The English Pedant – Why meeting is a four-letter word

This is for all those who work in the kind of company that has meetings. If you don’t know why that word is in italics, consider yourself lucky. Meetings are usually designed to bring the firm together and get everybody focused and united in pursuit of a particular goal – i.e. making money or doing something that leads to making more money.


Because they will be talking about the business they’re in, which is probably something quite banal, and because the only action they get that satisfies their innate hunter-gatherer instinct is selling a lot of stuff at the expense of the competition and (whisper it) perhaps their own customers, the people who run meetings use terminology that makes it all sound more exciting than it actually is. For every genuinely happy businessman who really enjoys what he does (such as the ever-smiling, ever-thinking, ever-diversifying Richard Branson) there are a thousand who are plodding through their working life and desperately trying to get some satisfaction from it, like an alcoholic trying to get a buzz out of one small beer.

So the language of meetings is pockmarked by words and phrases like these:

Blue sky thinking . Meaning: the sky is blue, there are no clouds to spoil things and you’re a child again. The possibilities are limitless and if you just put your mind into search mode, a brilliant and original idea will appear, turning you into a hero.

Cocks on the block . Meaning: we’ve had the blue sky thinking bit – now let’s be realistic. Imagine a chopping board, a meat cleaver and your penis. If it all goes wrong, you end up minus your personal sausage. (This obviously doesn’t work in a feminine context, and there is no known female version).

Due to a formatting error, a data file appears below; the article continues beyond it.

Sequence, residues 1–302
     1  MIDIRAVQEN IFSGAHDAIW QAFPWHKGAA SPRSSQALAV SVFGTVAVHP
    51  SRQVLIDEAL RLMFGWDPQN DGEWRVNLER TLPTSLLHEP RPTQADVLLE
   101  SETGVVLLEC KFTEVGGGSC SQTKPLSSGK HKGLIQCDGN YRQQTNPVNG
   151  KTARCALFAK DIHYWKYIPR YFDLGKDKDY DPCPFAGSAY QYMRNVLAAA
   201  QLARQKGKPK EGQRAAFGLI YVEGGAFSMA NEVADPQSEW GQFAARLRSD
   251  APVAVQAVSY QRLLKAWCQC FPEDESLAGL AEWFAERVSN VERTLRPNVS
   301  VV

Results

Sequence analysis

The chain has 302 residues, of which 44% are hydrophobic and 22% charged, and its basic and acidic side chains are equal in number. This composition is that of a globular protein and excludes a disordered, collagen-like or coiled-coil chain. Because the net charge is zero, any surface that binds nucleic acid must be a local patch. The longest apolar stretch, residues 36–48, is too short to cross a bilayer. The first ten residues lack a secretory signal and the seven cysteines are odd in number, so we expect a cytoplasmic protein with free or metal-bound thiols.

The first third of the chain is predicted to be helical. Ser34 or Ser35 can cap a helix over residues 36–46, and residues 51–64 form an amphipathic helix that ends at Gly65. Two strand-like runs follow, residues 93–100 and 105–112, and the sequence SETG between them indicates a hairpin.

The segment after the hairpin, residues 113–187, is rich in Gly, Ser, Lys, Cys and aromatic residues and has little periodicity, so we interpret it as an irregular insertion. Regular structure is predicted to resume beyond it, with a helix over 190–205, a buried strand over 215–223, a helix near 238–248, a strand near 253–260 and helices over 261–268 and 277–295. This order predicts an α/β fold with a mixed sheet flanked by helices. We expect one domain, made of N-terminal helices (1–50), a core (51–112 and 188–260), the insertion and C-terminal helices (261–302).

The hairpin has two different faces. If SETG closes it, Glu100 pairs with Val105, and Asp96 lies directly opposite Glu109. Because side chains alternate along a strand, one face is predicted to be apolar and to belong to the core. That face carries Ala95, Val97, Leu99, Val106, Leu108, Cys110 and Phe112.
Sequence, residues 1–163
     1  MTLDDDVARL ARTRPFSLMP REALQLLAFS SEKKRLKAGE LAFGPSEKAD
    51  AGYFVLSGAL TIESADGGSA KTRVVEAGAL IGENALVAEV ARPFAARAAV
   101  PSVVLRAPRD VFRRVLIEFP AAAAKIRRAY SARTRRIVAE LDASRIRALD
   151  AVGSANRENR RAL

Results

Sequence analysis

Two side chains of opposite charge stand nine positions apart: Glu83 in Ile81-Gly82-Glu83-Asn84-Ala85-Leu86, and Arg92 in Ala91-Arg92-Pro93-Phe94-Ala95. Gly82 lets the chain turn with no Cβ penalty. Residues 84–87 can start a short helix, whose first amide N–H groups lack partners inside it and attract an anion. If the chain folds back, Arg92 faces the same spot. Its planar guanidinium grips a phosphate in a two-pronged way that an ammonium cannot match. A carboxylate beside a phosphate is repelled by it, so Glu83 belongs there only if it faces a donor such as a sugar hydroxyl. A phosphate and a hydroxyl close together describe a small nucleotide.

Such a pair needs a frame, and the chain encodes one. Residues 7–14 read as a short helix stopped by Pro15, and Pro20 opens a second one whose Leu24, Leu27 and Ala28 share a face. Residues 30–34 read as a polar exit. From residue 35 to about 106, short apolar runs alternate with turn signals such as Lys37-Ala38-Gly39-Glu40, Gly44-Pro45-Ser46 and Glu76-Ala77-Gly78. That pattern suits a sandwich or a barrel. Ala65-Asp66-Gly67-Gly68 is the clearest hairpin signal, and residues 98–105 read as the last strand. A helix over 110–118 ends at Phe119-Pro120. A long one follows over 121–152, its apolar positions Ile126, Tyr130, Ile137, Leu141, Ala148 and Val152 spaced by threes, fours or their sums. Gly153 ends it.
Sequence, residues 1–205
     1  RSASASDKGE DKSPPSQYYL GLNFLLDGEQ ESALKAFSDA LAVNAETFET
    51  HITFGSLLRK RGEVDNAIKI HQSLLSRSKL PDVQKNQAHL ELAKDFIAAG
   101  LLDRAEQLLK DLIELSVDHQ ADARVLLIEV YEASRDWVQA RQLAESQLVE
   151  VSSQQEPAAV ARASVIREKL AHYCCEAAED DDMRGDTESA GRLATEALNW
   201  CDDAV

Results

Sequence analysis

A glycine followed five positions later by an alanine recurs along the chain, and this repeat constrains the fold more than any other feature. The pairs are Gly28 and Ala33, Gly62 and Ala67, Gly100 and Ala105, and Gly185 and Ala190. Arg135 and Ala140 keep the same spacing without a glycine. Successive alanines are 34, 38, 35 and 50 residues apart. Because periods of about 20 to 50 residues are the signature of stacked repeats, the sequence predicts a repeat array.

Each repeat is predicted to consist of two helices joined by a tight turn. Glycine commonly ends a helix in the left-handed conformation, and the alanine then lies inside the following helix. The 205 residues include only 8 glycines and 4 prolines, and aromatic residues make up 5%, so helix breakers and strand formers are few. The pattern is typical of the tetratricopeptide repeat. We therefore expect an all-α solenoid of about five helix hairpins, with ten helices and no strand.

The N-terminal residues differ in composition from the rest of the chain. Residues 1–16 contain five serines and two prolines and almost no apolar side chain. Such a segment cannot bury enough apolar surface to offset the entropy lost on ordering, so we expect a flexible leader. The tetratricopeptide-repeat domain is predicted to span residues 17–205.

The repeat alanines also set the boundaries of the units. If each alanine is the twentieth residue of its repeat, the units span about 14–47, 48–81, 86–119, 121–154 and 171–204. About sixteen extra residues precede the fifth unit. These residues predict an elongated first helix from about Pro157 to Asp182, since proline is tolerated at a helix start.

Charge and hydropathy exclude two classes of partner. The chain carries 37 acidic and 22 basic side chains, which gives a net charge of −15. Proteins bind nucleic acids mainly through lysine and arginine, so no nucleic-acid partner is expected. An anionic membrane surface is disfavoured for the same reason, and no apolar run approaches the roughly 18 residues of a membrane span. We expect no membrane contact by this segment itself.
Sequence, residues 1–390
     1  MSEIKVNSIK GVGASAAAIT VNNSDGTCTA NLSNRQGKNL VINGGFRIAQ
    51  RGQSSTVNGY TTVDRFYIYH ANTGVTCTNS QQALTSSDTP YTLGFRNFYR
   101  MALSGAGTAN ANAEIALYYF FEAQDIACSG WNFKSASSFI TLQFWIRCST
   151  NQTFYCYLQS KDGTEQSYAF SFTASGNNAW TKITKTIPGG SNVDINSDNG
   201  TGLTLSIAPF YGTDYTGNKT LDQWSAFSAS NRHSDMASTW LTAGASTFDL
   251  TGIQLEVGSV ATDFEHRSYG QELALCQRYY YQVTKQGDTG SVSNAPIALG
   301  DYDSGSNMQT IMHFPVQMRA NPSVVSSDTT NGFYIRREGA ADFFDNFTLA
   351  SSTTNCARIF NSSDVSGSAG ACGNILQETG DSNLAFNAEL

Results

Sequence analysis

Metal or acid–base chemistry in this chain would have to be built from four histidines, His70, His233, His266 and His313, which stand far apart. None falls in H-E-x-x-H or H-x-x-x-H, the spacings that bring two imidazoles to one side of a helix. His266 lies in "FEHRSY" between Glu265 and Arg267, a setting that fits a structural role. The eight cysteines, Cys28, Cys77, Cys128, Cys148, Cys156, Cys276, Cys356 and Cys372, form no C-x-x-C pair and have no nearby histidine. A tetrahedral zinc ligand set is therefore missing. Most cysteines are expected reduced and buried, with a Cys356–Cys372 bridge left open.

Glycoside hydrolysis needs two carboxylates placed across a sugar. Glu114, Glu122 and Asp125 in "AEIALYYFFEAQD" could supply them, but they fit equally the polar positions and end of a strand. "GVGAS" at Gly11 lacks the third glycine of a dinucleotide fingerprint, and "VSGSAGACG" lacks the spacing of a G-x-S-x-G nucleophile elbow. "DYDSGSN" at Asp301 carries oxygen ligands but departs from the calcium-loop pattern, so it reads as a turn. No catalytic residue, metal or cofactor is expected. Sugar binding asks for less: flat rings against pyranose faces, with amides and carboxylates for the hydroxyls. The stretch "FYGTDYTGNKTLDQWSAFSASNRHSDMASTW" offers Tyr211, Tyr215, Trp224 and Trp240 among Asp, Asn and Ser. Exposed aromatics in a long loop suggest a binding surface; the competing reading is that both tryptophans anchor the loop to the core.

On the same page. Meaning: we all need to be thinking about the same thing, applying ourselves to a common issue. Can also be expressed as singing from the same hymn sheet.

Issue. Meaning: problem. The word problem was outlawed in 1985 because it sounded negative. It was temporarily replaced by challenge, which sounds altogether more positive, but gradually downgraded to issue, which, like Switzerland, is neutral, although it doesn’t have a multi-purpose pen knife named after its army.

Innovative: Meaning: in business terms, this most overused of words is usually a downright lie. In reality, to innovate is to come up with something new. However, people have taken to claiming it fraudulently when what they really mean is they are doing something they haven’t done before. Can also be found on 95% of the world’s CVs and job applications

Oversight. Meaning: to have oversight of something or somebody is to be in charge of it or them in a supervisory capacity. Until the dawn of the 21st century, an oversight was something you failed to do or spot (Sorry about your car having no engine. No offence intended – just an oversight on the mechanics’ part.)

At this moment in time. Meaning: now. It’s pointless, a waste of words, and the hallmark of people with desperately low self-esteem, trying to win points by sounding intelligent.

Going forward. Meaning: in future. It’s pointless etc. (see above)

The downside. Meaning: the disadvantage or negative aspect of something. Doesn’t really make sense, because climbing a hill, ski slope etc. is the hard part and coming down is relatively effortless. But… somebody coined the expression and people liked it, so what can you do?


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